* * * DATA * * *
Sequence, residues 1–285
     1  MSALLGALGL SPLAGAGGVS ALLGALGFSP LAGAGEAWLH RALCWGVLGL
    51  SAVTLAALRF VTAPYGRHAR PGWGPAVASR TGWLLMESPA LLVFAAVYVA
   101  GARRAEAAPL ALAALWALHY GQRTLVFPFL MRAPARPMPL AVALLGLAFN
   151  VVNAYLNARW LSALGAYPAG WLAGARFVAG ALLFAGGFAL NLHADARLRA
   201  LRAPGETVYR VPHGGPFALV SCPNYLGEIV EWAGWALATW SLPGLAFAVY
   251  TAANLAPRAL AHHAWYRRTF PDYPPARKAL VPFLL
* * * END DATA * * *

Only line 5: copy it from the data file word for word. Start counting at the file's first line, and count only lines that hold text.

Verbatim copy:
   151  VVNAYLNARW LSALGAYPAG WLAGARFVAG ALLFAGGFAL NLHADARLRA